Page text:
US7675765B2 (en) * 2005-11-03 2010-03-09 Agate Logic, Inc. Phase-change memory (PCM) based universal content-addressable memory (CAM) configured as binary/ternary CAM
US20100223220A1 (en) * 2009-03-01 2010-09-02 Internaional Business Machines Corporation Electronic synapse
US20100220523A1 (en) * 2009-03-01 2010-09-02 International Business Machines Corporation Stochastic synapse memory element with spike-timing dependent plasticity (stdp)
US20100299296A1 (en) * 2009-05-21 2010-11-25 International Business Machines Corporation Electronic learning synapse with spike-timing dependent plasticity using unipolar memory-switching elements
US20100299297A1 (en) * 2009-05-21 2010-11-25 International Business Machines Corporation System for electronic learning synapse with spike-timing dependent plasticity using phase change memory
US20100312730A1 (en) * 2009-05-29 2010-12-09 Board Of Trustees Of Michigan State University Neuromorphic spatiotemporal where-what machines
US20110004579A1 (en) * 2008-03-14 2011-01-06 Greg Snider Neuromorphic Circuit
US20110119214A1 (en) * 2009-11-18 2011-05-19 International Business Machines Corporation Area efficient neuromorphic circuits
US20110137843A1 (en) * 2008-08-28 2011-06-09 Massachusetts Institute Of Technology Circuits and Methods Representative of Spike Timing Dependent Plasticity of Neurons
US20120011092A1 (en) * 2010-07-07 2012-01-12 Qualcomm Incorporated Methods and systems for memristor-based neuron circuits
US20120011090A1 (en) * 2010-07-07 2012-01-12 Qualcomm Incorporated Methods and systems for three-memristor synapse with stdp and dopamine signaling
US20120036099A1 (en) * 2010-08-04 2012-02-09 Qualcomm Incorporated Methods and systems for reward-modulated spike-timing-dependent-plasticity
US20120084241A1 (en) * 2010-09-30 2012-04-05 International Business Machines Corporation Producing spike-timing dependent plasticity in a neuromorphic network utilizing phase change synaptic devices
US20120109863A1 (en) * 2010-06-30 2012-05-03 International Business Machines Corporation Canonical spiking neuron network for spatiotemporal associative memory
US20120109864A1 (en) * 2010-10-29 2012-05-03 International Business Machines Corporation Neuromorphic and synaptronic spiking neural network with synaptic weights learned using simulation
US20120109866A1 (en) * 2010-10-29 2012-05-03 International Business Machines Corporation Compact cognitive synaptic computing circuits
US20120117012A1 (en) * 2010-04-08 2012-05-10 Neurosciences Research Foundation, Inc. Spike-timing computer modeling of working memory
US20120150781A1 (en) * 2010-12-08 2012-06-14 International Business Machines, Inc. Integrate and fire electronic neurons
US20120173471A1 (en) * 2010-12-30 2012-07-05 International Business Machines, Inc. Synaptic weight normalized spiking neuronal networks
US8269207B2 (en) * 2002-04-04 2012-09-18 Kabushiki Kaisha Toshiba Memory device having variable resistance memory cells disposed at crosspoint of wirings

Patent Citations (40)

* Cited by examiner, † Cited by third party
Publication number Priority date Publication date Assignee Title
US5010512A (en) * 1989-01-12 1991-04-23 International Business Machines Corp. Neural network having an associative memory that learns by example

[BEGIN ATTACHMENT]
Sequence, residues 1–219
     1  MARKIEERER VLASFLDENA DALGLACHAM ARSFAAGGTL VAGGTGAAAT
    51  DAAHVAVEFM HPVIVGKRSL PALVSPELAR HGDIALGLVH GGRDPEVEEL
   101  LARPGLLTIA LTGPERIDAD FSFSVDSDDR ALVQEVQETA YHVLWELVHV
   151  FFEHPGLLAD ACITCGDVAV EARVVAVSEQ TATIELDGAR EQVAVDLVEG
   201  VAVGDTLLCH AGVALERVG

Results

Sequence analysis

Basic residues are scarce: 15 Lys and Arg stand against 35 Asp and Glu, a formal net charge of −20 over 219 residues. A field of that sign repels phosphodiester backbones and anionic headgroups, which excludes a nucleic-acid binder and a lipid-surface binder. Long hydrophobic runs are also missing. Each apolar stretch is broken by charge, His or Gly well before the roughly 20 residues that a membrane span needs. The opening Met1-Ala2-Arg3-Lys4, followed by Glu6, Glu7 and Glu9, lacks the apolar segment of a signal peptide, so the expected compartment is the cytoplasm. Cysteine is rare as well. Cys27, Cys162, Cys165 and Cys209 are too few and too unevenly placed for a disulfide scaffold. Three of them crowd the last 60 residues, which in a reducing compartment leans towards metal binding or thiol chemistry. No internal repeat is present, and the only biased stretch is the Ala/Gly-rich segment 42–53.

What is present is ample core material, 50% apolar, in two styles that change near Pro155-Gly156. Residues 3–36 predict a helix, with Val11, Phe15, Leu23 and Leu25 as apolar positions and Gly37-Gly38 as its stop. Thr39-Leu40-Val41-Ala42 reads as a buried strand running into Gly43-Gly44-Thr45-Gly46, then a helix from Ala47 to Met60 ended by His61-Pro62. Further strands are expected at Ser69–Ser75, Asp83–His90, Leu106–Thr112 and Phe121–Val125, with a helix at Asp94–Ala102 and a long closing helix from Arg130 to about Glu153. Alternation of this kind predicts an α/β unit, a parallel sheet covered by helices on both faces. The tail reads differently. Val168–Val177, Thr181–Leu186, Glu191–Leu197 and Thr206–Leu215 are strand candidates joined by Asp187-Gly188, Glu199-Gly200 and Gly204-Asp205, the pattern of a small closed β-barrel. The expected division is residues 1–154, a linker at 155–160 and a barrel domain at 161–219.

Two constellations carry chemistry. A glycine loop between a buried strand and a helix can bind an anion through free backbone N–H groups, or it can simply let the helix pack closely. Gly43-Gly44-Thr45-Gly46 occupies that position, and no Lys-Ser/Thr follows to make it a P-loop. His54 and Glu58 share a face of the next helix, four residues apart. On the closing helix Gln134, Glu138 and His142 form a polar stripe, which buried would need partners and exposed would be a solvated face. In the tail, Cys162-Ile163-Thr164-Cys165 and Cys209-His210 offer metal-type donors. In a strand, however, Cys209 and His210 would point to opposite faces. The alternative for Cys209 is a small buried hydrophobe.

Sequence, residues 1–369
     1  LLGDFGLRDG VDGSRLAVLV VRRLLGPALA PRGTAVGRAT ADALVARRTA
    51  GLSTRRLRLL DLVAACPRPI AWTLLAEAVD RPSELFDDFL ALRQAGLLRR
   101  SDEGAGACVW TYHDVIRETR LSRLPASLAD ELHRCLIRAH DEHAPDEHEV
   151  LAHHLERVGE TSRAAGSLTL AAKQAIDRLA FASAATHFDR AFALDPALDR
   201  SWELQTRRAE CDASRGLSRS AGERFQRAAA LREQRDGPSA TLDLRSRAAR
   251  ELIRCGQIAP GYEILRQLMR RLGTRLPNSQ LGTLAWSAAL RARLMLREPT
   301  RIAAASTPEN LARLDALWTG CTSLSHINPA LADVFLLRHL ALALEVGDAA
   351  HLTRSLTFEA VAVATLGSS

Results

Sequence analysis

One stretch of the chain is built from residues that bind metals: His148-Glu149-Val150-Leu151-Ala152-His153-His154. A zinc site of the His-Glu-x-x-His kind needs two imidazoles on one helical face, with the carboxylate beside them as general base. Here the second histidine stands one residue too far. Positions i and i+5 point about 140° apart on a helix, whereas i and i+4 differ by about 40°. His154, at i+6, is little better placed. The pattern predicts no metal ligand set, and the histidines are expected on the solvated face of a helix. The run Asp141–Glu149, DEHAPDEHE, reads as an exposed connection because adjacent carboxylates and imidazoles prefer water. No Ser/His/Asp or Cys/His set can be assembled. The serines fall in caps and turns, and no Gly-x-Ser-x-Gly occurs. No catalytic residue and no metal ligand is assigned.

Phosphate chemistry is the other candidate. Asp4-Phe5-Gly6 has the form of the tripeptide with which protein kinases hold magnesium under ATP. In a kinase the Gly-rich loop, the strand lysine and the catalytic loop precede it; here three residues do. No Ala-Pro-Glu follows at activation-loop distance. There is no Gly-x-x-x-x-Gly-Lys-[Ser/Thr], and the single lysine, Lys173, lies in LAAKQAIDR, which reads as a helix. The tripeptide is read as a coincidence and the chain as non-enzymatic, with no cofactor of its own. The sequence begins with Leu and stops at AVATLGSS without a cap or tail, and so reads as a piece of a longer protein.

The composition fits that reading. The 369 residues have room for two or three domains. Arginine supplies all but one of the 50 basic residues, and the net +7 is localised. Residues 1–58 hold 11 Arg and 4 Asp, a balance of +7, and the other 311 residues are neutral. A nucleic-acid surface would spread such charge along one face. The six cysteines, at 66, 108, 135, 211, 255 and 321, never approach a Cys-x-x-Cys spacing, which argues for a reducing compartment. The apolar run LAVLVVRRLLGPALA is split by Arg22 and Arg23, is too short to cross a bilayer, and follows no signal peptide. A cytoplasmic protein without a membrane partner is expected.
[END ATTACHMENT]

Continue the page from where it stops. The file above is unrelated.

US20040139040A1 (en) * 1998-06-19 2004-07-15 Louis Nervegna Hebbian synapse circuit
US6141241A (en) * 1998-06-23 2000-10-31 Energy Conversion Devices, Inc. Universal memory element with systems employing same and apparatus and method for reading, writing and programming same
US20050151615A1 (en) * 2002-03-12 2005-07-14 Knowmtech, Llc. Variable resistor apparatus formed utilizing nanotechnology
US20040162796A1 (en) * 2002-03-12 2004-08-19 Alex Nugent Application of Hebbian and anti-Hebbian learning to nanotechnology-based physical neural networks
US6995649B2 (en) * 2002-03-12 2006-02-07 Knowmtech, Llc Variable resistor apparatus formed utilizing nanotechnology
US20050256816A1 (en) * 2002-03-12 2005-11-17 Knowmtech, Llc. Solution-based apparatus of an artificial neural network formed utilizing nanotechnology
US7039619B2 (en) * 2002-03-12 2006-05-02 Knowm Tech, Llc Utilized nanotechnology apparatus using a neutral network, a solution and a connection gap
US7623370B2 (en) * 2002-04-04 2009-11-24 Kabushiki Kaisha Toshiba Resistance change memory device
US8269207B2 (en) * 2002-04-04 2012-09-18 Kabushiki Kaisha Toshiba Memory device having variable resistance memory cells disposed at crosspoint of wirings
US6844582B2 (en) * 2002-05-10 2005-01-18 Matsushita Electric Industrial Co., Ltd. Semiconductor device and learning method thereof
US20040193558A1 (en) * 2003-03-27 2004-09-30 Alex Nugent Adaptive neural network utilizing nanotechnology-based components
US20050015351A1 (en) * 2003-07-18 2005-01-20 Alex Nugent Nanotechnology neural network methods and systems
US7502769B2 (en) * 2005-01-31 2009-03-10 Knowmtech, Llc Fractal memory and computational methods and systems based on nanotechnology
US20060198209A1 (en) * 2005-02-23 2006-09-07 Tran Bao Q Nano memory, light, energy, antenna and strand-based systems and methods
US7675765B2 (en) * 2005-11-03 2010-03-09 Agate Logic, Inc. Phase-change memory (PCM) based universal content-addressable memory (CAM) configured as binary/ternary CAM
US20080246116A1 (en) * 2006-04-03 2008-10-09 Blaise Laurent Mouttet Symmetrical programmable crossbar structure
US20080258767A1 (en) * 2007-04-19 2008-10-23 Snider Gregory S Computational nodes and computational-node networks that include dynamical-nanodevice connections